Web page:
January 28, 2002
Chefs Competition Puts Culinary
Creations to the Test
by John Wray
hat a sight! Seven teams of chefs, each preparing a different full-course gourmet meal, all working in the same kitchen at the same time!
Bright red and green peppers, yellow squash and zucchini being sliced, chopped and hollowed out, chickens being split, filleted or rouladed, sizzling sausage and aromatic garlic sending out their powerful aromas. It's truly a feast for the eyes as well as the palate.
"The Colony?" you wonder.
"The Four Seasons?"
No - the scene was closer to home. This was the second annual "Culinary Olympics" on the Storrs campus, where 26 of the University's 58 professional chefs tested their creative skills and vied to produce the most colorful, most delectable dishes imaginable.
And the results were stupendous! From Savory Sausage Bean Soup to Shrimp and Tasso Pasta, Chicken Poipet to Southern Style Zucchini Florentine, Summertime Vegetables to Curried Rice with Sausage, and more.
When the competition was complete, the three celebrity judges pronounced the results outstanding.
"We have witnessed magic and mastery here," said former faculty member and best-selling author Wally Lamb. "The food was magnificent, the choreography was really impressive, and it was enormous fun."
UConn alumna and radio and TV personality Prudence Sloan, host of "Let's Eat" with Prudence Sloan, said the contest was the most difficult she'd judged. "You are all amazing," she said. "I had no idea that UConn had so many wonderful chefs."
The third judge, local gourmet and world-traveler, Ethel Mantazarus, said the fare was some of the best she's ever seen.
Today, the University operates nine dining halls on the Storrs campus, serving 2,050 breakfasts, 5,093 lunches, and 5,208 dinners daily.
Weller says the quality and variety of the food available to today's students is really tremendous.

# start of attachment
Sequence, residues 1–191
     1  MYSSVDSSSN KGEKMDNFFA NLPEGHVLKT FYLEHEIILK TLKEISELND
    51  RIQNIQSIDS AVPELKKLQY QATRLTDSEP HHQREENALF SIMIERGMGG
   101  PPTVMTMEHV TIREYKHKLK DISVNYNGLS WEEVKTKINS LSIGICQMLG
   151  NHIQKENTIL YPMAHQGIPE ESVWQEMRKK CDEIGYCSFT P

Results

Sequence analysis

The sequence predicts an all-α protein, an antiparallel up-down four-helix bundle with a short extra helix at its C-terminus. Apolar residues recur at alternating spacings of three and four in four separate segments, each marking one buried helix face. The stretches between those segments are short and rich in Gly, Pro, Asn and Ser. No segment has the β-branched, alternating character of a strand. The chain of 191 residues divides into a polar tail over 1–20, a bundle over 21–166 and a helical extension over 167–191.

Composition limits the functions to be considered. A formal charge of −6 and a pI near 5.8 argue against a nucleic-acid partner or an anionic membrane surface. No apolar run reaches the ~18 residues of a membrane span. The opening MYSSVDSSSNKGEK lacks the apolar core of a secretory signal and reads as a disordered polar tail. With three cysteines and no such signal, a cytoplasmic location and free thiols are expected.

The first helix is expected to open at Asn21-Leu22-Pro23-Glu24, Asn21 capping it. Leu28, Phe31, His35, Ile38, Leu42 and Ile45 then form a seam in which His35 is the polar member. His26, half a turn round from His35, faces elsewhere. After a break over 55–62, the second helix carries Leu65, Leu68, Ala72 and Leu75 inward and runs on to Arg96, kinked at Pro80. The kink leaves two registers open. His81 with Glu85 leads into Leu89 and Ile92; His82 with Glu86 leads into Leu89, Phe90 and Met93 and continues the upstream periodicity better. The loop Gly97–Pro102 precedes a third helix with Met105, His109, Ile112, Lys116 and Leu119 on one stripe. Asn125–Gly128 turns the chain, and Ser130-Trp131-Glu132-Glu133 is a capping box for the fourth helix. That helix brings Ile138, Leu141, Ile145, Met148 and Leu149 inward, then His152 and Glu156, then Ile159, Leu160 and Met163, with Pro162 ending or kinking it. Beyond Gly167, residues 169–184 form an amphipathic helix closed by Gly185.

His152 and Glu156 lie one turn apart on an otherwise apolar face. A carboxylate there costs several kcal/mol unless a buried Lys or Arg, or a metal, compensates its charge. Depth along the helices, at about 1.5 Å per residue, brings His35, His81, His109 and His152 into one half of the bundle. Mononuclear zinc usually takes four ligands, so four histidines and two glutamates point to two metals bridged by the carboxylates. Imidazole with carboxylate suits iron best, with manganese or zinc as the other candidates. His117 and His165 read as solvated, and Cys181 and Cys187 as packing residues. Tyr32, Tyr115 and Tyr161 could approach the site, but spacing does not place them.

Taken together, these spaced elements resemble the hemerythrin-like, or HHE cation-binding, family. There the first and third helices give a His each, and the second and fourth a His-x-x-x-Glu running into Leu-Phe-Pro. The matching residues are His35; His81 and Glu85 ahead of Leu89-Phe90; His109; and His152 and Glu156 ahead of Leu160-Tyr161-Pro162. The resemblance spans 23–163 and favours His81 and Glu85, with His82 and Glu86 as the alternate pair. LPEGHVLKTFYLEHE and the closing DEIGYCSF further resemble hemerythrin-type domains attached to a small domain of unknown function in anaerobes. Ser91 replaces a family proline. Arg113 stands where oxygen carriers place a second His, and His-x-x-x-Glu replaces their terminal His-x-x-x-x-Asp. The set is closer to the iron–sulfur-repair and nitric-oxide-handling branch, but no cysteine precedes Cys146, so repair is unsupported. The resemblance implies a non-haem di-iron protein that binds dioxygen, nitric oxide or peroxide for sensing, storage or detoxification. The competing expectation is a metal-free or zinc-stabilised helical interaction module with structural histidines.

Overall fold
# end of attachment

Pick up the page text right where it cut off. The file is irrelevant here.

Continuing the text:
"As enrollments have increased, and especially with UConn 2000, the size, scope, and sophistication of our food service operations have been totally transformed," he says. "We have our wonderful new Northwest and South Campus dining halls, and a third new dining hall in the Towers is scheduled to be opened in the fall of 2003, which will replace four smaller dining halls in that complex."
In addition, Weller notes, the University's kitchens are up-to-date and constantly being renovated. North Campus will be the next dining facility renovation to accommodate the increased population from the new suites and apartments to be constructed there.
Dining services has a truly professional staff that takes pride in its work, Weller adds, including a test kitchen and computer database of 3,000 recipes from which to make up its menus, which rotate only every 30 days.
"Our goal," he says, "is to make our services reflect the needs and desires of our students, and to provide outstanding, nutritious food and personalized service, even with the large number of students we serve. We still have many improvements to be made, but we've come a long way in the past few years. We've got the momentum to move forward and the will to complete the task."
A Spirited Team
"It's all been in good fun," said one.
Even the chefs who did not participate in the competitions were on hand to cheer on their compatriots and indulge in some good-natured banter from the sidelines.
Said Lorraine Kjellquist, a chef for 11 years: "This competition is great and has everybody really enthused. It brings out the competitive spirit in all of us."
First Place in the "Boiling Point" competition was won by Chef David Gould's team. Gould and teammate Steve Demers both started at UConn 23 years ago. Chef Gail Davis, the third member of the team, has been with the University 14 years.
Said Doreen Brown: " I've only been here one-and-a-half years, but I love it. The students are great, the people I work with are great, and the management is caring. What more could you ask?"
Recipe Contest Winners
First Place: Soup Category, David
Gould - Sausage Bean Soup
"Boiling Point" Competition
The Culinary Olympics were organized and supervised by Michael F. Beal, area manager, Putnam Refectory, and Robert Landolphi, assistant area manager, South Campus.